Japan’s ruling coalition scored a sweeping victory in parliamentary elections on Sunday as the nation was still reeling two days after the assassination of former Prime Minister Shinzo Abe.
Results showed Prime Minister Fumio Kishida’s Liberal Democratic Party and its junior coalition partner Komeito winning more than 70 of the 125 seats in play for the House of Councilors, the upper house of the National Diet of Japan, the Kyodo news agency reported.
That outcome allowed the coalition to hold a majority in the 248-member upper chamber, giving Kishida a comfortable victory and strengthening his grip on power after all of Japan’s parties had vowed not to yield to political violence.
Kishida had the solid backing of Abe, an LDP member whose clout remained formidable after nearly eight years in office.
Abe, Japan’s longest-serving prime minister who retired from the office almost two years ago after a bout with health problems, was shot dead Friday at a train station in western Japan while making a campaign speech for a parliamentary candidate.
Abe was best known for his “Abenomics” reforms that were meant to shake Japan out of its decades-long stagnation, as well as his quest to revise Japan’s pacifist constitution.
Abe had inherited a mission from his grandfather and former Japanese Prime Minister Nobusuke Kishi: to remove the constraints imposed by the United States—with the help, partly, of the Japanese political class—on Japan’s ability to exercise power on the world stage, particularly its postwar constitution and “peace” clause that restricted Japan’s military power.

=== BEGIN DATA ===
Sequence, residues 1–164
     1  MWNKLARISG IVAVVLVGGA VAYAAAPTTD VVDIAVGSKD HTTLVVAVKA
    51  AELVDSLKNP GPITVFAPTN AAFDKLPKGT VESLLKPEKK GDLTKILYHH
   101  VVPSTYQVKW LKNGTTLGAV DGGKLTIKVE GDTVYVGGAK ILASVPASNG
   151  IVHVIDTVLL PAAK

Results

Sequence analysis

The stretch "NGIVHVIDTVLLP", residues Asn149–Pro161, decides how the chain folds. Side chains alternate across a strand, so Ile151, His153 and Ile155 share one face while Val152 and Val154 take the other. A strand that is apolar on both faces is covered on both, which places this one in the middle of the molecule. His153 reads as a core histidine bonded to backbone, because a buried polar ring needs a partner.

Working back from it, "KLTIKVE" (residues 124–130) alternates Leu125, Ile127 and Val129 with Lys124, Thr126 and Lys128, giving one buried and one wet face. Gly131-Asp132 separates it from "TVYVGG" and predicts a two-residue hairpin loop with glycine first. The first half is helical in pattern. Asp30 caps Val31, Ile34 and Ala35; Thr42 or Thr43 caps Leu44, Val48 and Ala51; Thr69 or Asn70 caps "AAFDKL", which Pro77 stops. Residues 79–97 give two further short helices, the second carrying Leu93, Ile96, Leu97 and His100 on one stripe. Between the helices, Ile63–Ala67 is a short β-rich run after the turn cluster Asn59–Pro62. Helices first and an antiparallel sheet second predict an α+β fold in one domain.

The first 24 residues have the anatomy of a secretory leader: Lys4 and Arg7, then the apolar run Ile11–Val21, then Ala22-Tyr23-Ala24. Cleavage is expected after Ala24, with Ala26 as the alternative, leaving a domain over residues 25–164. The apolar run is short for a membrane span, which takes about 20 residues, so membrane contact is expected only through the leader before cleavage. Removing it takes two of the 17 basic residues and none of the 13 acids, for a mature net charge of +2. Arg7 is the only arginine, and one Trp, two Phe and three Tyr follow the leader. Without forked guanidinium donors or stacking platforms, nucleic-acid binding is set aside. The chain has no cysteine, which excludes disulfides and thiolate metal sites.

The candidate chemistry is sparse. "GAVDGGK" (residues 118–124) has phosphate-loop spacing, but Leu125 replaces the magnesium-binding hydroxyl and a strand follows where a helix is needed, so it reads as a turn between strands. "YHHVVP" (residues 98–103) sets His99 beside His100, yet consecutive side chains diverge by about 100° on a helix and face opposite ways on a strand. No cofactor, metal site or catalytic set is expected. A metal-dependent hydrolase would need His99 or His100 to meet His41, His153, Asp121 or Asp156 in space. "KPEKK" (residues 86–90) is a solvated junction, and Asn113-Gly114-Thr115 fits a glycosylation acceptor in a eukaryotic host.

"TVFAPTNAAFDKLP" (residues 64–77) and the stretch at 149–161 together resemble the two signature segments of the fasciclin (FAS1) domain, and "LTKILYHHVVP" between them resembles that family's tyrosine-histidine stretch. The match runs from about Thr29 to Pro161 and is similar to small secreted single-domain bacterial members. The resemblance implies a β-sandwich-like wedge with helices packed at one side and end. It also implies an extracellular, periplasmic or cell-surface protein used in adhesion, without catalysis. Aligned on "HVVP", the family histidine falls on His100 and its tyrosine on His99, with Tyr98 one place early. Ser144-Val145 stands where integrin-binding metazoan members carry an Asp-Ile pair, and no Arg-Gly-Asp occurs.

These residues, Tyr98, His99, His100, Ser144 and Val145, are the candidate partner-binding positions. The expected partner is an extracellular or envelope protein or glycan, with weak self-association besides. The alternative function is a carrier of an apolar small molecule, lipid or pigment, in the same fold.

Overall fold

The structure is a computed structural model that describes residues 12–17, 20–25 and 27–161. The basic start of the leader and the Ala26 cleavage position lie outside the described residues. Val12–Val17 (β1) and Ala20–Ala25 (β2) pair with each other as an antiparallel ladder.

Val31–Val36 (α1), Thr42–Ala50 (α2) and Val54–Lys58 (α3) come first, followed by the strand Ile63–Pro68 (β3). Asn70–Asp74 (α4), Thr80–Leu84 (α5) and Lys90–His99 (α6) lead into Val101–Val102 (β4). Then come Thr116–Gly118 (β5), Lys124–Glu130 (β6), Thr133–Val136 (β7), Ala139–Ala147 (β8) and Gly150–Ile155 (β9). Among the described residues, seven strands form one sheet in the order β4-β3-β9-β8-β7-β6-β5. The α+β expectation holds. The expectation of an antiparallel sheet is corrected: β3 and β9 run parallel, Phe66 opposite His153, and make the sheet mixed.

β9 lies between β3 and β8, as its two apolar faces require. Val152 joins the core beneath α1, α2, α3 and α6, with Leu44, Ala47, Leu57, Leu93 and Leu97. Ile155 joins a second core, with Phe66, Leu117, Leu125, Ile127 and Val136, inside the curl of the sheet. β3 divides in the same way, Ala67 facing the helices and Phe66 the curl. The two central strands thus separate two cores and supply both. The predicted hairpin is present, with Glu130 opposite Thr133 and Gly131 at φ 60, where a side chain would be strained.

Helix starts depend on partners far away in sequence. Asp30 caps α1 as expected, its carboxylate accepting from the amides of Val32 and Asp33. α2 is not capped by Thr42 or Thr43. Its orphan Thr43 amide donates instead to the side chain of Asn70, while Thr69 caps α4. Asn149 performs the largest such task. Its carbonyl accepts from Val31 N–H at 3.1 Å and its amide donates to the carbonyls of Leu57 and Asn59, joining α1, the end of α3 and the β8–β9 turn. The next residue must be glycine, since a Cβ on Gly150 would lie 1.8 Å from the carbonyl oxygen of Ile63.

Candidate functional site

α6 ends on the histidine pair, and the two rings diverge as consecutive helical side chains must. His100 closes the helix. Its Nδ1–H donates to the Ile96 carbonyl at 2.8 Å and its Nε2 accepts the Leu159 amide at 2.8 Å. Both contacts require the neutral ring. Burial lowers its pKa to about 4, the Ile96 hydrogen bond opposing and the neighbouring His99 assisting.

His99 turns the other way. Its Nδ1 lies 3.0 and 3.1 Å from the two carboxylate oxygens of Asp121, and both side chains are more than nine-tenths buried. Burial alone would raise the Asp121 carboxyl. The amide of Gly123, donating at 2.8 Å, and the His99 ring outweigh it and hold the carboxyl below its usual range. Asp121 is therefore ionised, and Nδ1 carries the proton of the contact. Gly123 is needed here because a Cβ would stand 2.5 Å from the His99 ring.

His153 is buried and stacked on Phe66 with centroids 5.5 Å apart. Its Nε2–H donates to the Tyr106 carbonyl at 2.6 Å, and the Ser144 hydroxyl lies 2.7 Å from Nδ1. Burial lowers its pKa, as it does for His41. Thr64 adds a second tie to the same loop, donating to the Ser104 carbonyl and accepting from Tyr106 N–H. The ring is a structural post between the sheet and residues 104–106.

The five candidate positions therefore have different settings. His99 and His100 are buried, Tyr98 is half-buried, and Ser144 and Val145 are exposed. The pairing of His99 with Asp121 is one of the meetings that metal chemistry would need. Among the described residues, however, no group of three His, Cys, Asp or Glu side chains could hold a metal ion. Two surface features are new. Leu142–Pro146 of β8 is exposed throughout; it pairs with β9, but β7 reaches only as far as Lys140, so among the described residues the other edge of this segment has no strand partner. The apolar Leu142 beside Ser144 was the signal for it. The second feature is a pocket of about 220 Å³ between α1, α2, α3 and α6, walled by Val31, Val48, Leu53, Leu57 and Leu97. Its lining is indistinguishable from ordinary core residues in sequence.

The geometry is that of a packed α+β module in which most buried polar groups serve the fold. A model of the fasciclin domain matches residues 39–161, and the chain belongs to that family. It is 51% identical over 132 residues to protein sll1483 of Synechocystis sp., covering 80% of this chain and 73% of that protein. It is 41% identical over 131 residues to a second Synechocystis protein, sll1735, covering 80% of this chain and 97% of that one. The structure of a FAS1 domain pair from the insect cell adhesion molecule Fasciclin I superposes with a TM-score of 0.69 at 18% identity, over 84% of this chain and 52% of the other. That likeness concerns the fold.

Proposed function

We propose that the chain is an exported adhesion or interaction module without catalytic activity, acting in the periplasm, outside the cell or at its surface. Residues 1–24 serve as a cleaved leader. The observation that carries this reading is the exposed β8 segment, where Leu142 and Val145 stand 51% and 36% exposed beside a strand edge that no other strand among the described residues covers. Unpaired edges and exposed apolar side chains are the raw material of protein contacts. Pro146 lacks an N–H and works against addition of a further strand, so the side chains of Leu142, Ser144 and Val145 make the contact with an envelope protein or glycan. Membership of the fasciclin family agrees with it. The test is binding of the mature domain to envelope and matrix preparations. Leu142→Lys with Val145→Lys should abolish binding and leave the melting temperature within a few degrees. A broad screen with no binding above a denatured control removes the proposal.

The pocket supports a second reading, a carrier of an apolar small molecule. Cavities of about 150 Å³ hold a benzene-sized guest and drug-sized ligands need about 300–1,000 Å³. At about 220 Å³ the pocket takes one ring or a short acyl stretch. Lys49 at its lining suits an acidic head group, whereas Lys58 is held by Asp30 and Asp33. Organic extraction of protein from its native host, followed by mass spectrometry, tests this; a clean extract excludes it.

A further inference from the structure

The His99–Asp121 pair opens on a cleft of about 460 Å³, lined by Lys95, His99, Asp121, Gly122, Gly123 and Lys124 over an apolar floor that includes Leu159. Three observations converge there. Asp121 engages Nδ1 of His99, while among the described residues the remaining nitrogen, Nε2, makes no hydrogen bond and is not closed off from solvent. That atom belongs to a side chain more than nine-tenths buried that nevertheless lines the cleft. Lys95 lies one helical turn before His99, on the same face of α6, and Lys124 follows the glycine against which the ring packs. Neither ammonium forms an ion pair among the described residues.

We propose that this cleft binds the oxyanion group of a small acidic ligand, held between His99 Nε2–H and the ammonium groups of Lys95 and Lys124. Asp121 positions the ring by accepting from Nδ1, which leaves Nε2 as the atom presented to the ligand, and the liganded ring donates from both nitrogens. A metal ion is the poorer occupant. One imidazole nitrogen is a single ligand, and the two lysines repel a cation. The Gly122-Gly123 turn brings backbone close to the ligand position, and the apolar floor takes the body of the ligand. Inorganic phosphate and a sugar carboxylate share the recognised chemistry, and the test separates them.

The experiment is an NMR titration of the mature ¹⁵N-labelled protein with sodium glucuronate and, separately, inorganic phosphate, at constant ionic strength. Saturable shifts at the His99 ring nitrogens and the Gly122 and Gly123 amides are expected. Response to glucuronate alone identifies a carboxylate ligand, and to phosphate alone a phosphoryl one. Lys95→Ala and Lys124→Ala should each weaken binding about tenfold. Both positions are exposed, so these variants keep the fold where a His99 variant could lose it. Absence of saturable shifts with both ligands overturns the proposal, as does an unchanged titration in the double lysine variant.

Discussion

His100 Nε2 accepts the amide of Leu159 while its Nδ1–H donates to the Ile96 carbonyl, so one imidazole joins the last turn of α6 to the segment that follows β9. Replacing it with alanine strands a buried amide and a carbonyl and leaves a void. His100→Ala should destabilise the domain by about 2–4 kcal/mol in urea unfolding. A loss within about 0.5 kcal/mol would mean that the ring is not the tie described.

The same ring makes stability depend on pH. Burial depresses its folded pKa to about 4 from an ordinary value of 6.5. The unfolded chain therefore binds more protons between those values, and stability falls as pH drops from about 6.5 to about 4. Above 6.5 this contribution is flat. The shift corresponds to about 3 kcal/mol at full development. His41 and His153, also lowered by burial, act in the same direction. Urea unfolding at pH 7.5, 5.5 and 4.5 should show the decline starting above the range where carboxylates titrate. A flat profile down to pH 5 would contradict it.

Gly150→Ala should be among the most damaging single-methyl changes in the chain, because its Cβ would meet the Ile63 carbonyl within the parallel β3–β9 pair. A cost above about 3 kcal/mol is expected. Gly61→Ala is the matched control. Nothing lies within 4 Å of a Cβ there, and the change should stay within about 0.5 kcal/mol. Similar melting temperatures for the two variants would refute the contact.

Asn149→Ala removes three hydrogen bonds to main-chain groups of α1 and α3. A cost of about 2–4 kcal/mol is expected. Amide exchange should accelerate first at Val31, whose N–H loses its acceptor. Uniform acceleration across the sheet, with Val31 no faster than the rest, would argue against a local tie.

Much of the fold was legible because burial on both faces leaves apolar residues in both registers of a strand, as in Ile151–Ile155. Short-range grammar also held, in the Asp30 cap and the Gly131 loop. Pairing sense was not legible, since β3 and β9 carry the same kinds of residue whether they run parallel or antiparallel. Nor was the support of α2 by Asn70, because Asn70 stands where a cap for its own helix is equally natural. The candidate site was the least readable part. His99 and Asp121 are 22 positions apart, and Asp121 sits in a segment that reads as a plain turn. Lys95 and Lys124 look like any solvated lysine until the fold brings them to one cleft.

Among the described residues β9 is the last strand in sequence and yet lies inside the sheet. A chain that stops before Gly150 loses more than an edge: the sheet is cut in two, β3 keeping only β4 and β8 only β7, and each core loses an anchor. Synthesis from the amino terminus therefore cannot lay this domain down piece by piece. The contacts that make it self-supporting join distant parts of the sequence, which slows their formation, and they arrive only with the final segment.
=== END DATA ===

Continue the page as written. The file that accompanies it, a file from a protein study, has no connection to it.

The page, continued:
U.S. Secretary of State Antony Blinken’s trip to Asia was altered to include a visit Japan on Sunday, State Department officials said. Following his attendance at a G20 meeting in Bali, Indonesia, and a meeting with Thai officials in Bangkok, Blinken was set to travel to Tokyo to “offer condolences to the Japanese people on the death of former Prime Minister Shinzo Abe and to meet with senior Japanese officials.”UPI
A majority result for the LDP-Komeito coalition has boosted an effort to amend Japan’s constitution for the first time since it was established in 1947.
Toshimitsu Motegi, the LDP’s secretary general, said last month he would seek to initiate the amendment process shortly after the House of Councilors election should the ruling bloc win.
The post-war constitution forbids the country from maintaining “land, sea, and air forces, as well as other war potential,” but Abe had sought revisions under which Japan’s Self-Defense Forces would be explicitly allowed in its text.
If approved by the Diet, the proposed amendment would be put before voters in a national referendum.